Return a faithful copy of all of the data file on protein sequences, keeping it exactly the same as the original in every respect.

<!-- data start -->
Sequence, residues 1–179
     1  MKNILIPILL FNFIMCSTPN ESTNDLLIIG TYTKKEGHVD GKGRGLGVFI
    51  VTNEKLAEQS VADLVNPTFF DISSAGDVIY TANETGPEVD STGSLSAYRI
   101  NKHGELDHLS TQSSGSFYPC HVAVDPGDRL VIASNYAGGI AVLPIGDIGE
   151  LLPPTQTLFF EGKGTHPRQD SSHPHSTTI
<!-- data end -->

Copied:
Sequence, residues 1–179
     1  MKNILIPILL FNFIMCSTPN ESTNDLLIIG TYTKKEGHVD GKGRGLGVFI
    51  VTNEKLAEQS VADLVNPTFF DISSAGDVIY TANETGPEVD STGSLSAYRI
   101  NKHGELDHLS TQSSGSFYPC HVAVDPGDRL VIASNYAGGI AVLPIGDIGE
   151  LLPPTQTLFF EGKGTHPRQD SSHPHSTTI